From this I am hoping that you understand that comparisons between NAD83 and WGS84 are not routinely performed. Dave has mentioned and so have I that there is an approximate difference 1 meter max, between the datum. Problem is, that this is only true at the earth center interpretation so if you imagine two ellipsoidal reference spheres that are the same size sitting in the same place but with earth centers that are their own and only 1 meter apart then the surfaces (known as the ellipsoidal heights) would not be in the same place, they would overlap slightly, so only a few spots on the globe would be the same from one to the other and all the rest of the places would be between 0 and one meter apart, but mostly somewhere in between the two extremes. the orthometric heights will differ all over as well, and that is not proactive either. Bring two different Geoidal models to the table and compare them and you just have something that is close to mind numbing on a point by point basis.


Two compare the one spot like you want is doable I suppose, but the comparison would be unique to that location. Professionally it isn't done because the civil engineering world does not consider the WGS84 Datum as relevant to North America. The Standards are not as high as NGS for North America and it is a Commerce thing not a Defense thing. So it is a sort of quasi political - engineering thing.


Due to the quasi thang, nobody has a comparison calculator out there on a web page, because the plan is to stick to the plan and the plan is to use either one Datum or the other, and not compare the two. Partly political, partly engineering. NAD27 and NAD83 Datum Shifts are Compared due to Propriety reasons and due to NAD83 replacing the NAD27 as a standard datum. WGS84 And NAD83 do not supersede each other, they are just two different Datum for different reasons. WGS84 is not a close look at North American Geodesy nor is it used for civil work, Mostly it is a non player in the game.


Bottom line, the appreciable differences are there though small, they are mainly only interesting to geodetically related things, that is a focus on things very small and most of the world is focused on bigger. This is one of the scientific studies that fit in the box with superconductivity and absolute zero. The closer you come, the harder it gets.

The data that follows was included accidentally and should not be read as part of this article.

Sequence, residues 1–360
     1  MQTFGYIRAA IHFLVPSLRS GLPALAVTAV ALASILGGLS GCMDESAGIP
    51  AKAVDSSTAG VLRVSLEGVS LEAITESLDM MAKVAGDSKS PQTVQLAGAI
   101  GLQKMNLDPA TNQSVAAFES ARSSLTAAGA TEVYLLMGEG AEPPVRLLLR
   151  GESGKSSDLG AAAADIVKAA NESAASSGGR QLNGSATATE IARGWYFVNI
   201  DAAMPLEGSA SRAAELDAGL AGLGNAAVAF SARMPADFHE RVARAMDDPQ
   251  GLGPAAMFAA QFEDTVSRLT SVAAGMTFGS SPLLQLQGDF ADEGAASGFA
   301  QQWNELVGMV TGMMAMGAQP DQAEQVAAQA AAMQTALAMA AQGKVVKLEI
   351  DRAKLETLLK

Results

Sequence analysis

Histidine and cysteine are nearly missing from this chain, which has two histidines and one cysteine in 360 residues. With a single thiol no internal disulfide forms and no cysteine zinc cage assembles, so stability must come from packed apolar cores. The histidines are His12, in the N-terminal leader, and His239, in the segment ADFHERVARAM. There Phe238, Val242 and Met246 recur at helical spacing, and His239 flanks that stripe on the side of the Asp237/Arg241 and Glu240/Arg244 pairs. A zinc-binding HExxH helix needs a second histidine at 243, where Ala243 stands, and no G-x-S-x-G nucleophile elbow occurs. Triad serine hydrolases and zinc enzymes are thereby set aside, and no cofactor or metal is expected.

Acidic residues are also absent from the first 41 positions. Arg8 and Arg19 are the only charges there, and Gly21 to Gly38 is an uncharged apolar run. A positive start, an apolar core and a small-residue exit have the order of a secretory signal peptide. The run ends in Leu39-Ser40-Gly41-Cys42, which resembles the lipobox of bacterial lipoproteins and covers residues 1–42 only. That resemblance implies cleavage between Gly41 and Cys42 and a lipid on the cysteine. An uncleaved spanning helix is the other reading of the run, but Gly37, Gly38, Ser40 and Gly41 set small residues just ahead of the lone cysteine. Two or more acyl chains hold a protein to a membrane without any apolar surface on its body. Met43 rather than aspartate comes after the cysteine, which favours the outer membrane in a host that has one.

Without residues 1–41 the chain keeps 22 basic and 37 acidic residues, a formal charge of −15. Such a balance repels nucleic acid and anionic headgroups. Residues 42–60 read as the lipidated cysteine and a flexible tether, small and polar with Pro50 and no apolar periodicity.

I have tried to answer your questions, I hope to your satisfaction. Maybe Dave has more he can add, but that is pretty much what most of us in the field need to understand to do the work we do. I didn't do the math for you because I don't really have a way to frame both references available to me in order to compare them at the one spot. Calculating ing Datum shifts at a specific place is a lot of number crunching, is not for the meek and besides, Bleh!



Edited by evenfall
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You can cross your arms and expect the ocean to wash an answer up in front of you if you like, But I won't be joining you! :-D I have already answered this exhaustively. What I am saying is that there are no datum shift conversions bro, Nobody bothers. Use the appropriate Datum for the job is the answer. But I clearly stated that in every essay I ever wrote to help you understand this. :-) I just hope that you will get it.


Unless someone goes out of their way for you, and I wouldn't hold your breath to long. If it does happen for you, and it could, Please Consider that someone went out of their way just for you and only you, because that is what it will be. Be Honorable towards them for doing you such a favor.


Oh and what I told you are truths which you can easily corroborate, nothing rhetorical there. I tend to steer clear of rhetoric in my conversations and communications. I work in the field but that is no reason why you should believe me. I have no credential that means anything to you, nor do I need to. You are a Skeptic and I am used to those, I see them every day :-)


Nobody out there has convincing you as a part of their mission, and I think you have the best answer you'll get unless you roll up your own sleeves and do the figuring. :-)


Be my Guest. :-D


Good Luck BDT!


As Always,



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Based on an earlier conversation, if I understood what was said about the professional (eg, 1 cm) survey gear was that it was "datumless" and that the datum was post processed by a computer. If that understanding is basically correct, what I would ask is this: